This steel is incredibly durable and can withstand the harshest of weather conditions.

In turn, you can rest assured that your shipping container home will be a safe haven for you and your family for decades, even through major natural disasters.

If you live in an area with frequent tornadoes and hurricanes, you’ll be delighted to know that shipping container homes can stand tall against winds of speeds up to 100 MPH.

Of course, this is under the condition that the home stands on a proper foundation.

As for shipping container homes’ performance during earthquakes, these dwellings are 100 times more likely to maintain their structural integrity after getting directly hit by an earthquake than traditional houses.

Fact 3: Shipping Container Homes Are Good For the Environment

Container homes with a graphic of the earth
Shipping container homes use the more than 20 million empty containers on our planet, reducing the need for new construction.

Another essential thing to know about shipping container homes is their effect on the environment.

Right off the bat, let’s make it clear that building such structures has a significantly lower carbon footprint than building traditional houses.

Studies have shown that almost 30 percent of the building materials delivered to the construction site of a traditional brick-and-mortar home end up as waste.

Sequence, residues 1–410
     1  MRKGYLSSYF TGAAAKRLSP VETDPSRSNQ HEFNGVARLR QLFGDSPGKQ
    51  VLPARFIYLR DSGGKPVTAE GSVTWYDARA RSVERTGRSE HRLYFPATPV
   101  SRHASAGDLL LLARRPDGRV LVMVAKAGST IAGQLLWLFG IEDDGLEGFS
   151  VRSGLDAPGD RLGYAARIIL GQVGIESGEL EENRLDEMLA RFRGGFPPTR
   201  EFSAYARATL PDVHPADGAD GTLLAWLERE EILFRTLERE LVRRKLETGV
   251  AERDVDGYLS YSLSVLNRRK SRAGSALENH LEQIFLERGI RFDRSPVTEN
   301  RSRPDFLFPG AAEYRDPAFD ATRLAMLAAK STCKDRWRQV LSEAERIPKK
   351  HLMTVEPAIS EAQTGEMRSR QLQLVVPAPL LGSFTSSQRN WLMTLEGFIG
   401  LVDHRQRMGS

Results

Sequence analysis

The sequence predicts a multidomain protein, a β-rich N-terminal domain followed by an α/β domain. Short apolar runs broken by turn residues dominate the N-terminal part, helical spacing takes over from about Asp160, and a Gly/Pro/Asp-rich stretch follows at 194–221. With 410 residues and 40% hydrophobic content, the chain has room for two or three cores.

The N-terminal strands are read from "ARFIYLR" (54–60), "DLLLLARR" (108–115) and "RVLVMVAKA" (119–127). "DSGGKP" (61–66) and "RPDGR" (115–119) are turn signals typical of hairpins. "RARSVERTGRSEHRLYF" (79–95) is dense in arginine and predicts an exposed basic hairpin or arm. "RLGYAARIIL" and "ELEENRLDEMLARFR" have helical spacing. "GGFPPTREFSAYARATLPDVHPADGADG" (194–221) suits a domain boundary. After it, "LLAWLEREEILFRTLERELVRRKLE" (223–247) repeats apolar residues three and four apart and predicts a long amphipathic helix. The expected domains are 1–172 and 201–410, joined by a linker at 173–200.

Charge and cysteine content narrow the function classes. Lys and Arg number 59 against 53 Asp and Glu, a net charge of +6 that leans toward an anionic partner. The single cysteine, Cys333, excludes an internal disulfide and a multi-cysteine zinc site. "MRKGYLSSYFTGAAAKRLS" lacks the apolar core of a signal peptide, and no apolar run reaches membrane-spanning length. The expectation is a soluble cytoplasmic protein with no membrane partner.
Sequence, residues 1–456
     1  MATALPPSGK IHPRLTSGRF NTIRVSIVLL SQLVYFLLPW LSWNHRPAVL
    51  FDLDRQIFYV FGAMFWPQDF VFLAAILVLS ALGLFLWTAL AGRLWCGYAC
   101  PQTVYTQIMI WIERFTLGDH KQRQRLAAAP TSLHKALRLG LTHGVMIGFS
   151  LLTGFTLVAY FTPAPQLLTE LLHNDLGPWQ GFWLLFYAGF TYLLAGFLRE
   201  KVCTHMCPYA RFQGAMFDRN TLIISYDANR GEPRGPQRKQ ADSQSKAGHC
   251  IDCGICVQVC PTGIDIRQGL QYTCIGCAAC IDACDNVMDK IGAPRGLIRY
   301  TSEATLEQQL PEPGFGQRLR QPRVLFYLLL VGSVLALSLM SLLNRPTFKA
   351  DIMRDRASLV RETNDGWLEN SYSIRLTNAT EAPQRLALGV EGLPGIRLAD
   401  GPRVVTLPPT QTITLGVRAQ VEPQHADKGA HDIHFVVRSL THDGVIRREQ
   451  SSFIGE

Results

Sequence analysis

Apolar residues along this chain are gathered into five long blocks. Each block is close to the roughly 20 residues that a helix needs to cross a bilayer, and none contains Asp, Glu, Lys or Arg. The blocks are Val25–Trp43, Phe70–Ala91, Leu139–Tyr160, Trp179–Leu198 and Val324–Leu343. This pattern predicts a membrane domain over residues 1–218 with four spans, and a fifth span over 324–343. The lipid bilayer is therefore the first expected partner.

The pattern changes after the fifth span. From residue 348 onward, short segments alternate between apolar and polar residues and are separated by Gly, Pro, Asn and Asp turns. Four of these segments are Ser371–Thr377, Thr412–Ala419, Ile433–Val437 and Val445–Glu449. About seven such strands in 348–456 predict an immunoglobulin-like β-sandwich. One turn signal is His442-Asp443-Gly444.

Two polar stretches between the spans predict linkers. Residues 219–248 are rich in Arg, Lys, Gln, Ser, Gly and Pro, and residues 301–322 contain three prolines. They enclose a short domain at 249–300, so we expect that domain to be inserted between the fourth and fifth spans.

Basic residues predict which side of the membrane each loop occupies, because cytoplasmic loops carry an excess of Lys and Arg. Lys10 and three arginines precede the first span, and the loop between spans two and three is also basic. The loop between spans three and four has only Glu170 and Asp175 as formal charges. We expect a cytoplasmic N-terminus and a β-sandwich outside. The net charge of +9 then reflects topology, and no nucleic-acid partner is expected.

On the other hand, building a shipping container home uses containers that would have ended up in a junkyard.

Considering there are currently about 24 million empty shipping containers worldwide, repurposing them for home building does wonders for the environment.

Fact 4: Shipping Container Homes Don’t Have to Be Small

When most people think of shipping container homes, they envision a small compact unit.

However, this doesn’t have to be the case at all. For example, some shipping container homes can be as large as 1,700 square feet.

Furthermore, building a shipping container home gives you superior flexibility in size. Adding to the area of a traditional house is a costly endeavor.

On the other hand, you can add new shipping container extensions to a shipping container home at a fraction of the price.

This allows you to have a home that can grow with you and your family.

Fact 5: Shipping Container Homes Are Highly Portable

A woman wearing a white tank top and a skirt sits at a desk in her shipping container home in Tennessee on a clear, sunny day
You can take a shipping container home here, there, and everywhere.

Are you constantly on the move? If you are, then a shipping container home might be your best option.

Such homes are highly portable. They can be disassembled, loaded into the back of a truck, and reassembled elsewhere.

However, you realistically won’t be able to do this alone. You’ll need to hire a transportation service to do it for you.

You can expect to pay around $3 per mile to move a 20-foot container. You should also consider the cost of disassembly and reassembly.